A new survey into digital effectiveness has unveiled that top performing businesses are changing their approach to creating digital platforms and common behaviours are characterised by an emerging mindset termed ‘product thinking’.
It has also highlighted that there is still a gap between businesses knowing what the right way is to meet the needs of today’s digitally-empowered consumer and actually doing it.
As the battle to deliver highly effective digital products and platforms continues apace, to not only stay in business but to strive to stay ahead of the competition, we have seen an adoption of a new business philosophy among enterprises that are thriving the most – a ‘product thinking’ mindset that encompasses how organisations are aligning their resources, people and process around their digital products.
Product thinking is a way in which organisations are navigating through the tension that is naturally created by the need to deliver increased consumer-centricity and agility, but with larger, more complex business-critical technology platforms.
In a nutshell, they are managing their digital customer touchpoints like software products, akin to someone like Adobe, with an evolutionary roadmap, whose success is based on better meeting the needs of its ever-evolving user base.
As an agency, we have adopted a product approach to be more effective in our client partnerships and, importantly, to enable clients to spend their money more effectively. Since taking this approach, we have experienced huge differences in levels of understanding and acceptance of new methodologies. Our study was designed to explore further the industry’s current attitudes, beliefs and digital practices; delving deeper into the barriers for delivering effective solutions.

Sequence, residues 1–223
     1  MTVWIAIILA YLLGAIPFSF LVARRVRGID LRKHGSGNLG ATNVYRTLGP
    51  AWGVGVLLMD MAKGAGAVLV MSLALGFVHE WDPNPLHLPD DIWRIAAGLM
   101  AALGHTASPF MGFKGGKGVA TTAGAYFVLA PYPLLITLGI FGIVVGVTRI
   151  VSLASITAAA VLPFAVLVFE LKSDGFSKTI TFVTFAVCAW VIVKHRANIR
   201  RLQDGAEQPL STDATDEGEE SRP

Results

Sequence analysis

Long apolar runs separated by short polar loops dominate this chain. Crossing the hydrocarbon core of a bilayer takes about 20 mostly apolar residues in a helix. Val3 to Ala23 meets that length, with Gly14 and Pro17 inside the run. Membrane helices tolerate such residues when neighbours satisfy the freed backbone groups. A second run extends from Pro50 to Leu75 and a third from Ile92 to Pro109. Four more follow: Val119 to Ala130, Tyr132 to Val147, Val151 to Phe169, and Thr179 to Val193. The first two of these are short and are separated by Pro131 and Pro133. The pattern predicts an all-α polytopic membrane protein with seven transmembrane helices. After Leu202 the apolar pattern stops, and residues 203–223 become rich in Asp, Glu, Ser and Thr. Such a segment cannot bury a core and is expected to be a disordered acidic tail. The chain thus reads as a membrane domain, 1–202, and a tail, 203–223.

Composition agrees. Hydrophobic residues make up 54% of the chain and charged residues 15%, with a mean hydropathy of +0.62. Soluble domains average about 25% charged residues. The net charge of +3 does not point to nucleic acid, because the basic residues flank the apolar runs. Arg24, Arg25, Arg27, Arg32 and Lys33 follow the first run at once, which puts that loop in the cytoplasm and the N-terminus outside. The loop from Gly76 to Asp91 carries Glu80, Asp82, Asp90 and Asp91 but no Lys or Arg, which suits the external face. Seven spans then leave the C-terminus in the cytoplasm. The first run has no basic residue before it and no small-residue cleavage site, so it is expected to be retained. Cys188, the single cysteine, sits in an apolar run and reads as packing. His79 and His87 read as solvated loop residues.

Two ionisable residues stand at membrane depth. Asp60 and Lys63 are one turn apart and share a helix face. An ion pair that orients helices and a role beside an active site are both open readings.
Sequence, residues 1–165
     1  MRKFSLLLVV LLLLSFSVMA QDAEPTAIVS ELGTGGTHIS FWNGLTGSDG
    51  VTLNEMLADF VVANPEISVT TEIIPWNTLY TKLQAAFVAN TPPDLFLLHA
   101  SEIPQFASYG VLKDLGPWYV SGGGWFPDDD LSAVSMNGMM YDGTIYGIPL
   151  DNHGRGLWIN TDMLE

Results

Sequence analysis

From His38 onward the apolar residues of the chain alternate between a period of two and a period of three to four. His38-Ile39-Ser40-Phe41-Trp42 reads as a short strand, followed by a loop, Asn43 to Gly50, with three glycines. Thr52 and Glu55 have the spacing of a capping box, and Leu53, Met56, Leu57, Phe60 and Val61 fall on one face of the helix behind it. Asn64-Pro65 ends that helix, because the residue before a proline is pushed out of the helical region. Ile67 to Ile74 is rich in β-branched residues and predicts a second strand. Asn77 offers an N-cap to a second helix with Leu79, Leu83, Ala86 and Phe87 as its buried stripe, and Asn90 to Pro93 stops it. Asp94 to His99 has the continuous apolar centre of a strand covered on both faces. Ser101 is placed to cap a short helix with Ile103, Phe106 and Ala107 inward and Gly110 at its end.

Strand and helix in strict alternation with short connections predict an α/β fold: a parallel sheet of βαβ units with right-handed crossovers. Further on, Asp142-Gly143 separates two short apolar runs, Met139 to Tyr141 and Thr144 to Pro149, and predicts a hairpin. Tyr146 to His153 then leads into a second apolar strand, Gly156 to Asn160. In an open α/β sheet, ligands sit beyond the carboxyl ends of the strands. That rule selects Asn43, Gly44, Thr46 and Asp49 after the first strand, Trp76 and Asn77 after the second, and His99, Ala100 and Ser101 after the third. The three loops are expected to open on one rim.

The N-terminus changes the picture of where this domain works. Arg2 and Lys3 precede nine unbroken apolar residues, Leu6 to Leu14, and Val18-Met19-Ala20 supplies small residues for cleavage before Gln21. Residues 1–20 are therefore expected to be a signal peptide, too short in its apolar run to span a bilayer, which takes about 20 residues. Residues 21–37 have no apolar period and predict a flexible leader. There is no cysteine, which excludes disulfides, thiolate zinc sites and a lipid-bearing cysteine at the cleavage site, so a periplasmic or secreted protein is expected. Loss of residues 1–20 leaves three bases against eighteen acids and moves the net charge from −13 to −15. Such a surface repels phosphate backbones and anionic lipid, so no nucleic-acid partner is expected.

What is ‘product thinking’?
At its very simplest, product thinking is a drive for business effectiveness by maximising value from digital touchpoints. It enables organisations to prioritise their efforts more effectively, and immediately correlate investment with commercial return.
In doing so, the organisation should achieve its desired business outcomes more quickly, while delivering more value for the end customer. Internally, this will be achieved with reduced operational ‘waste’ and an improved consumer-centric mindset, which connects teams and individuals with a collective sense of purpose.
In that regard, product thinking is in fact a cultural model, as it pertains to a mindset, methodologies, roles and organisational design.
In terms of practitioner disciplines and methodologies, product thinking brings together human-centred design, modern engineering and lean delivery, unified in an approach based on continually growing the value returned to the business by a product or platform, by better meeting the needs of its users.
Its pillars are:
- Doing the right thing: with a clear framework for decisions, human-centred design and focus on outcomes.
- Doing the thing right: using lean delivery practices to build, measure and learn, releasing early and often with continual insight-driven iteration and refinement, and applying modern engineering principles such as decoupled architecture, test-driven development and continuous deployment.
- Doing it together: removing the silos of an organisation for speed and effectiveness; aligning the entire culture towards shared goals and metrics, with autonomy in teams to find the best way forward.